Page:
published Tuesday, September 6th, 2011

Justin Hunter's progress 'monumental'

Justin Hunter (11) looks back for Montana defenders as he makes an 81-yard touchdown run during the first quarter of play.
Justin Hunter (11) looks back for Montana defenders as he makes an 81-yard touchdown run during the first quarter of play.
Photo by Dan Henry /Chattanooga Times Free Press.

KNOXVILLE -- Derek Dooley would prefer to find a third and fourth option for Tennessee's passing game, but there's certainly nothing wrong with the first and second options.

Sophomore receivers Justin Hunter and Da'Rick Rogers combined for 246 yards and two touchdowns on 11 catches in the Volunteers' season-opening win against Montana on Saturday, and quarterback Tyler Bray targeted the duo on 15 of his 26 throws.

"If we can feed it to those two about 15 [times] a game, we won't have to [find other options]," Coach Dooley said at his weekly news conference Monday. "If they start taking that away, we're going to need some other guys."

Zach Rogers was the only other receiver to catch a pass. Fullback Channing Fugate and freshman tailback Marlin Lane combined for five catches.

"What I don't want to do is say, 'Hey, we don't want to show a tendency that we're throwing to Justin Hunter,' and then throw it to these other guys and they make 5 yards," Dooley said. "I'd rather just feed it to the guy as long as he can catch it. It's kind of my back yard in me: That guy's good, throw it to him. They've got two on him? Well, give it a shot anyway. If they stop it, then we'll think about something else."

Hunter has developed from a role exclusively as a deep threat into more of an all-around receiver. The 6-foot-4 track star added almost 15 pounds to his frame, which has helped him from a physical standpoint.

"The progress he's made in the last eight months has been monumental," Dooley said. "He's got very gifted physical skills and he's worked at it. We just had him at one position last year. We're moving him around ... because we think he's going to be one of those guys that everybody is going to try to take him out of the game, so we have to figure out ways to generate some throws to him."

Rolling nine

The nine-man defensive-line rotation the Vols used Saturday night failed to register a sack, but though they still managed seven quarterback hurries and plenty of hits, that wasn't enough for Daniel Hood.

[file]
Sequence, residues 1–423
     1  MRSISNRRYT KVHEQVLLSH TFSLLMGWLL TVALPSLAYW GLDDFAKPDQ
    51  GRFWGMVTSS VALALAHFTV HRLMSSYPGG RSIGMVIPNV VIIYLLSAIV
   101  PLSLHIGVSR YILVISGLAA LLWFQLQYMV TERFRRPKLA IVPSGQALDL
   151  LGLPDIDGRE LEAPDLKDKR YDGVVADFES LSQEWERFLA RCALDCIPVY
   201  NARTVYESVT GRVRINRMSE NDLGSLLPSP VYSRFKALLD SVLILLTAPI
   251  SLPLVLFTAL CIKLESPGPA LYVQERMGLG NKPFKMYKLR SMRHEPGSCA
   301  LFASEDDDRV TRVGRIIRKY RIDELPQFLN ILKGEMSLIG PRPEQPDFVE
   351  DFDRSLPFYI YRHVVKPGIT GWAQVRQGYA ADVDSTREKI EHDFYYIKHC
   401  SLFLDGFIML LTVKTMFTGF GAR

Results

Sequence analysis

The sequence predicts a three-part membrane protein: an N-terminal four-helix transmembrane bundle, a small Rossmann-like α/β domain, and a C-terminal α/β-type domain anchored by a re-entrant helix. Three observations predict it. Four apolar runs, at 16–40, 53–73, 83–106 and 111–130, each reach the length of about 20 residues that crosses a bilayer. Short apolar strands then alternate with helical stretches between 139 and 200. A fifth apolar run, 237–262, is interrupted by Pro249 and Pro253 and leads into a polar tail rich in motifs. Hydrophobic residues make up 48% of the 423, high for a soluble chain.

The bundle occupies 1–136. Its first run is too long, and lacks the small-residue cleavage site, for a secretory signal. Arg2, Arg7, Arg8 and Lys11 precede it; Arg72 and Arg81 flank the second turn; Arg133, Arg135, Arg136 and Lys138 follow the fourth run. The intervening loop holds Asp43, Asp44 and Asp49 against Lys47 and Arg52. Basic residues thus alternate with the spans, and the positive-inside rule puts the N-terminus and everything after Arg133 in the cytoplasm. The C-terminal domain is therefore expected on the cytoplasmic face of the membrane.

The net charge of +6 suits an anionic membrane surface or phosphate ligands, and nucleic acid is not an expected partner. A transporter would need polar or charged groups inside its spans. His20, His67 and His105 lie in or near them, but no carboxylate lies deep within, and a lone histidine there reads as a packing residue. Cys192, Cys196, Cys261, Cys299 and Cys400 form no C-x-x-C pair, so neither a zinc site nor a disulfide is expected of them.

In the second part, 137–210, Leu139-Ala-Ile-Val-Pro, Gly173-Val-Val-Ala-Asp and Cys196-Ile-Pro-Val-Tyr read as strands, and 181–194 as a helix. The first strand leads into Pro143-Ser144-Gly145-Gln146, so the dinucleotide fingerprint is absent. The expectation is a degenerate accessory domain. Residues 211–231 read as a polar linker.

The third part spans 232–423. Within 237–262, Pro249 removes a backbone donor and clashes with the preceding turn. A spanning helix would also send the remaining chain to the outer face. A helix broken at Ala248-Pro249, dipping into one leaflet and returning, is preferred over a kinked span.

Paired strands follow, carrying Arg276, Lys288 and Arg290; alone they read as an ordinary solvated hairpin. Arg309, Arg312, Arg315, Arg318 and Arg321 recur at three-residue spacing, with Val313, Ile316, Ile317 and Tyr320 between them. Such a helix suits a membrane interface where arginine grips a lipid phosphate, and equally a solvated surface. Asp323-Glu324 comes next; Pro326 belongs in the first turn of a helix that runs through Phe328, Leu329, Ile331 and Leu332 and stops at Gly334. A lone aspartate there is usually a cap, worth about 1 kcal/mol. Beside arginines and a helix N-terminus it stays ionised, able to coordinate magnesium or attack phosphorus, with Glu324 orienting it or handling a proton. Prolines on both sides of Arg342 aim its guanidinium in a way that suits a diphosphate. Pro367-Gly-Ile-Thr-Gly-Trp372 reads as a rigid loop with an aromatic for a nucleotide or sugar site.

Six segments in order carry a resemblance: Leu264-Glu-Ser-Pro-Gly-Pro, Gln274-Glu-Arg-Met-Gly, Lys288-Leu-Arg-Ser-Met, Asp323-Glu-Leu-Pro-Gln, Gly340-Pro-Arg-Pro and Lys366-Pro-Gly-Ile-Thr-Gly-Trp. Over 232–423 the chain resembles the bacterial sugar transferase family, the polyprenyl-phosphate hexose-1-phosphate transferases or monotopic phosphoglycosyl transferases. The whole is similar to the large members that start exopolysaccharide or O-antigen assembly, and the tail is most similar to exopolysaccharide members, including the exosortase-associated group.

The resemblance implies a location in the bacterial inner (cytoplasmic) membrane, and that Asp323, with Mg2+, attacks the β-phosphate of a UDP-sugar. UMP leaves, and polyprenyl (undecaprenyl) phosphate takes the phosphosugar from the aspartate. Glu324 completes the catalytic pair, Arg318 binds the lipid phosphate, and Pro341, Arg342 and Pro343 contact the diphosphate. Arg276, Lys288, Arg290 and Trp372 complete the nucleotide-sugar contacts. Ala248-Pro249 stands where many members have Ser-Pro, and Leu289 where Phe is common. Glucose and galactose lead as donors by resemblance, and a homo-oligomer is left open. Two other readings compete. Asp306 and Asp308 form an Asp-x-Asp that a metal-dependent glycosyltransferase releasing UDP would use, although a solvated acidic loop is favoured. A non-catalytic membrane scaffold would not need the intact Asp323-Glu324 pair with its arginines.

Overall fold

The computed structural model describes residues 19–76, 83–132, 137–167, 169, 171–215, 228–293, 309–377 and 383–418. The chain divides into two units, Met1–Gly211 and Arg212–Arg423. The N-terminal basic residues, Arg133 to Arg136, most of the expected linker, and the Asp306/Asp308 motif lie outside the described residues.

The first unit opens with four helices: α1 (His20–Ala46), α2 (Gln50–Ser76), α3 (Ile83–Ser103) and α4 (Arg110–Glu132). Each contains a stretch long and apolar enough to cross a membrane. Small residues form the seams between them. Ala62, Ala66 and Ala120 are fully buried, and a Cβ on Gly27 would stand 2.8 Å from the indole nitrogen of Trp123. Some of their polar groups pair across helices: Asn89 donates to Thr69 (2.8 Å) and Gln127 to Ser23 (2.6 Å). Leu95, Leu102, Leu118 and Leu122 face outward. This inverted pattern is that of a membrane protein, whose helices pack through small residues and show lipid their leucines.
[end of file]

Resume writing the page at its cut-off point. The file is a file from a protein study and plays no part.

"Not saying anything bad about Montana, but it's always going to be about us and what we do," the sophomore defensive tackle said. "I feel like we should have affected him more -- we have more talent. It is tough. The D-line, that's what we live for.

"It was good to see a bunch of the line get a few good hits on him. That's nice, but the goal of every game is to get a bunch of sacks. I think we'll make improvements on that."

Dooley said the Vols operated well with their substitutions Saturday, and Hood said the linemen were rotating every three or four plays.

"I think it helps us to have a lot of guys, but part of the reason we do that is because we don't have a lot of really good guys," Dooley said. "With these spread teams, there's so much lateral running and chasing the ball, you've got to keep fresh guys in there.

"I think every good defense, though, they have three good inside guys and three good ends, so you're rolling at least six guys."

Dirty dozen

UT played 12 freshmen in Saturday's game, some more than others.

"We're probably not done there," Dooley said. "What was pleasing about that class was you didn't see them panic and be so wide-eyed they couldn't perform. They had a nice calm about them. That was good."

Curt Maggitt and A.J. Johnson became the first true freshman linebackers to start a UT opener since freshman eligibility was reinstated in 1972.

"They had a real solid day, both of them," Dooley said. "Didn't overwhelm you with anything they did but didn't make mistakes. They were where they were supposed to be, they fit and I thought that was encouraging. You're always worried the first time they're out there. I think they're just going to get better and better."

Status updates

Defensive tackle Maurice Couch is day-to-day with a knee sprain.

Freshman Devrin Young will be re-evaluated next week. The tailback and return specialist broke his collarbone before preseason camp and returned to practice last week but hasn't been cleared for full contact.

Linebacker Herman Lathers had two of the 11 screws removed from his fractured ankle, and the Vols hope he'll return in another four to six weeks.

Odds and ends

The Vols hope to get Rajion Neal more involved in the offense, whether it's at tailback or as a slot receiver. ... Multiple areas must improve for the Vols to run the ball better, but Dooley cited a "lack of commitment" to it Saturday. Montana confused the Vols up front, causing UT's young offensive line to play hesitantly. ... Dooley said the use of both Matt Darr and Michael Palardy on punts was planned depending on the situation. Palardy has better operation and more experience, he added, and Darr has "big-leg talent."

Contact Patrick Brown at pbrown@timesfreepress.com or 901-581-7288. Follow him on Twitter at twitter.com/patrickbrowntfp.

about Patrick Brown...

Patrick Brown has been the University of Tennessee beat writer since January 2011. A native of Memphis, Brown graduated from UT in May of 2010 with a bachelor’s degree in Journalism/Electronic Media and worked at the Knoxville News Sentinel for two years on the sports editorial staff and as a freelance contributor. If it’s the NBA, the NFL or SEC football and basketball, he’s probably reading about it or watching it on TV. Contact him ...

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Livn4life said...

On the kicking Coach, let's go with the big leg talent and back some people up all season.

September 6, 2011 at 7:55 a.m.
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